Sometimes you just have to say we’re going to turn left, and you don’t really know if the right turn would have been a better road. But you still have to hit a deadline and you just do it.
And I’m fortunate I absolutely reach out for people’s wisdom and talk to our team about things.
But ultimately I’m a real believer in making decisions fast and living with the consequence because in a fast-moving company like this indecision is often worse.
The other thing is that nobody survives in journalism if she or he doesn’t isn’t prepared to admit what she or he doesn’t know. Anybody who fakes it in journalism is going to get caught out.
And I think it’s a really important early lesson in life. For example, I still find Excel spreadsheets really intimidating. I know that so I have a terrifically smart business and chief revenue officer who’s who’s really good at Excel. He’s done phenomenal analytics and I just look at them every day and think Jason’s part of this team because I could never have known how to do this.
So you have to admit what you don’t know and surround yourself with people who are smarter than you and know things that you don’t. But I think that it becomes intuitive for journalists to just ask questions and seek answers.
Learning to manage
How hard has it been identifying the right people to work for Trint?
It’s really challenging as a first-time manager-CEO to run a company. A lot of investors steer clear of first time entrepreneurs and I can understand why. You make a lot of mistakes and you learn.
My approach is to employ my journalism skills which is to ask questions and to be honest about what I don’t know. That has served me really well by finding smart people to turn to for advice in terms of hiring.
Very early on I realized that you’re hiring two things: skill set and attitude. This team is not only very skilled but it shares a passion for the product. I’m just not interested in hiring someone who is embarrassed about being excited. Or embarrassed by enthusiasm. I want people whose eyes sparkle when they talk about where it’s going to go and where it’s taking them.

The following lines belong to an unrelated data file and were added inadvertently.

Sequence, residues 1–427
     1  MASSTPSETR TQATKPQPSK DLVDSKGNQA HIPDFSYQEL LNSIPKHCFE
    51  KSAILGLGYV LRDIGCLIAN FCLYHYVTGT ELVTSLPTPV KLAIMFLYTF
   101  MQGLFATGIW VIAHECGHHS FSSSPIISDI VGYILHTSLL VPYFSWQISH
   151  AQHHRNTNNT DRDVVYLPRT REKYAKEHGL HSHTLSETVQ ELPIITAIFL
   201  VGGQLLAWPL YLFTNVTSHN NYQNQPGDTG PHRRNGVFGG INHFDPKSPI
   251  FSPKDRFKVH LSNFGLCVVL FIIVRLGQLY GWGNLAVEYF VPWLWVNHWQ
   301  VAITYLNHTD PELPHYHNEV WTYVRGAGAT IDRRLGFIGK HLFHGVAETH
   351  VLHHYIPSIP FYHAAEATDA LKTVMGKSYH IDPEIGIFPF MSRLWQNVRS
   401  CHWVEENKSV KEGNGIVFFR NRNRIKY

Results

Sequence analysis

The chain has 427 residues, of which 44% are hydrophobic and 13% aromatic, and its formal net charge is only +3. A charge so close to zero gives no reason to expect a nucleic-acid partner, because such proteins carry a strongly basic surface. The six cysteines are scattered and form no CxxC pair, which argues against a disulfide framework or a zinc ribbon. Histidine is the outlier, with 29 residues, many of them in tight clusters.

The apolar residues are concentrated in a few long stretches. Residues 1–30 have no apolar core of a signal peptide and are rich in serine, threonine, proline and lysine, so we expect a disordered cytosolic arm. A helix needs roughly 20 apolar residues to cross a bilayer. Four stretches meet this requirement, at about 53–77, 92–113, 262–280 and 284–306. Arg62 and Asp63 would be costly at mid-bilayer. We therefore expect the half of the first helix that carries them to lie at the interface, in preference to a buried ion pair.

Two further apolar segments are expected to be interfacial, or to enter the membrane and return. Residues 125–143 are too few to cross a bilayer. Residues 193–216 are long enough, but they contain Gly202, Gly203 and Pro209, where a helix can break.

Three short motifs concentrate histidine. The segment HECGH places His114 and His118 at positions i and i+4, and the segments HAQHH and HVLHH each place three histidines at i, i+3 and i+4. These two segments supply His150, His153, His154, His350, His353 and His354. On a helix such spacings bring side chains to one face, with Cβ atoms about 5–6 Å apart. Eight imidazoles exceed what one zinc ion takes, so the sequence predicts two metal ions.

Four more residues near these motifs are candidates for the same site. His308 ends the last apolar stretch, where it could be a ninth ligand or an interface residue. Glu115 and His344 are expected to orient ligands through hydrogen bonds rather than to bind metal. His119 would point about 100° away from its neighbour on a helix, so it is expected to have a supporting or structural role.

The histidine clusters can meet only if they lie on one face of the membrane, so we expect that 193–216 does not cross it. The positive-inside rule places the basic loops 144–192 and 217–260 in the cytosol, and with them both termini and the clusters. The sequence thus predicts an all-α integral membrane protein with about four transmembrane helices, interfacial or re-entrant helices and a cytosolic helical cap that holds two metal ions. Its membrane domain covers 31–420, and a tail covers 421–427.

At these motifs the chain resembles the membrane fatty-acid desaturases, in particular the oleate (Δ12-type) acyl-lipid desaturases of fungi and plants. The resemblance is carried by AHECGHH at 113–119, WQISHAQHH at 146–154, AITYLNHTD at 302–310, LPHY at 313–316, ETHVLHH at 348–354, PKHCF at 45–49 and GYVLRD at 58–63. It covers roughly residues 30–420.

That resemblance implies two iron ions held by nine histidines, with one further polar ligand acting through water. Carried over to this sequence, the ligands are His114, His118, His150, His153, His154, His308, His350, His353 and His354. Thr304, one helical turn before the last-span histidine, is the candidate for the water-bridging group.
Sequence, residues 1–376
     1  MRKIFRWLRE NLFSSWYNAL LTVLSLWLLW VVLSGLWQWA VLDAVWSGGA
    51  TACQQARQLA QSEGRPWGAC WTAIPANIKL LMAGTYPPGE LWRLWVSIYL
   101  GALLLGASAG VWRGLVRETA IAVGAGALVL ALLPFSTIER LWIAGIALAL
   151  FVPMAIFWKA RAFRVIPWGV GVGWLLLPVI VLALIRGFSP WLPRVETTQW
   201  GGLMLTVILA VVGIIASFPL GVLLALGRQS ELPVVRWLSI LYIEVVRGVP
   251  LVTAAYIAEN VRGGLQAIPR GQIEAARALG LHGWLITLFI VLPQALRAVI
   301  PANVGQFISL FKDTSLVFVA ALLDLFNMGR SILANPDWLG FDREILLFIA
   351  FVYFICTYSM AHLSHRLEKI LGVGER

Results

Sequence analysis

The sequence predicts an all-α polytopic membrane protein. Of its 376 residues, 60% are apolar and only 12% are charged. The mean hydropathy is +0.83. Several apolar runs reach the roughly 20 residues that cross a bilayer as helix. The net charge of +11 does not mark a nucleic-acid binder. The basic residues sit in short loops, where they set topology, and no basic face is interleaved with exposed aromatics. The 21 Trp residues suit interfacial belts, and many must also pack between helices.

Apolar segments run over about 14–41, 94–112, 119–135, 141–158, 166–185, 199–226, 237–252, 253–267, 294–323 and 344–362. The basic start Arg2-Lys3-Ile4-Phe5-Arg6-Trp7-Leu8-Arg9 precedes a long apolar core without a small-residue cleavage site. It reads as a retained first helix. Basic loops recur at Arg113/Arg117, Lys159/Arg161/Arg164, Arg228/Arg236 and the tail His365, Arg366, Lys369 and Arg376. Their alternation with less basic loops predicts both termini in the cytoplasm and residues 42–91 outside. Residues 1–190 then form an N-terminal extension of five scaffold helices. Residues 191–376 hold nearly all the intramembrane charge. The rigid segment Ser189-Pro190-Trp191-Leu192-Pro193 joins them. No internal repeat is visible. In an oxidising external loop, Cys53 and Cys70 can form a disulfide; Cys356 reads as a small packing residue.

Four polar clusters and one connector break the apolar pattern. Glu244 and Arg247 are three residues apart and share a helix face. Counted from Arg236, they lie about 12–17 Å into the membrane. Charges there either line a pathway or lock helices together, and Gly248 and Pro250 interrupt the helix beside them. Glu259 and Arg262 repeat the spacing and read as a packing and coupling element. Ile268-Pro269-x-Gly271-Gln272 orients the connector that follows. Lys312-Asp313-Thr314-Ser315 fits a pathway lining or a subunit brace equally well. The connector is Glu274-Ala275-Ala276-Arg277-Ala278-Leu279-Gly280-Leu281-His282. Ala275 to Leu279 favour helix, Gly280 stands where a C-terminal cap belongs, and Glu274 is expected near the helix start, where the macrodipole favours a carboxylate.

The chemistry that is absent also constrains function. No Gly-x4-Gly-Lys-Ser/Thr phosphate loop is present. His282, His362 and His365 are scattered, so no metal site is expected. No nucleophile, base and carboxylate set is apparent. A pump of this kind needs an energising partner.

The right attitude in a small company culture is really critical.
What about learning and developing management skills?
You make mistakes. I’ve made lots of mistakes but I’ve learned. We are sponsored in London by Cisco and UCL (University College London), which is one of the leading computer science universities in the world.
Early on I felt I needed to learn some management leadership skills and UCL offered to put me on a course. I learned so much; it was really great to learn a vocabulary of management and leadership skills and understand how to know when to step in and when to step back. That course really changed my approach and whatever mistakes I make today there are fewer of them I think because of what I learned.
Managing people is a constant challenge and I think a manager and leader’s role is to help people get the best out of themselves. It’s not to do the job for them, it’s to help them do their job and to help position them so that they feel a sense of pride and ownership in the work they’re doing.
Advice for journalists who want to start their own businesses
What advice do you have for the journalists who have a great business idea and want to take it to market?
One of the things about being a startup entrepreneur is that everybody has a brilliant idea.
Ideas are easy. It’s the execution that’s hard. It’s the product market fit (a term that I’ve never heard of before) that matters.
You need to ask: Is this really an idea that the world will want and will pay for or that you can actually find a way to financially support? Because a lot of ideas maybe are good ideas but they’re not financially viable.
Unless you’re going to run a charity you’ve got to be able to actually make a business case for your idea and you’ve got to actually believe that your business case is real.
You have to be very harsh on yourself, ask some hard questions, and give yourself a reality check. You need to know your idea is a product or a concept that the world needs, wants, and will pay for; because you’re going to be running a business.
Some journalists think that ‘business’ is a dirty word. Get over it. Journalism is a business and business creates jobs. Trint has created jobs. That’s what our economy is run on.
It’s so easy to say I’ve got an idea. It’s not so easy to validate the idea and prove that you’ve actually got an idea that the world needs, wants and will pay for.
Support Communicate Influence!
Enjoy this interview, or find it informative and inspiring? Want to read more? Consider donating to Communicate Influence. In return, you receive more in-dpeth interviews, a great feeling for contributing, and, not least, our heartfelt thanks.
© Communicate Influence. Please see Communicate Influence’s Terms and Conditions for information on sharing, adapting or attributing content.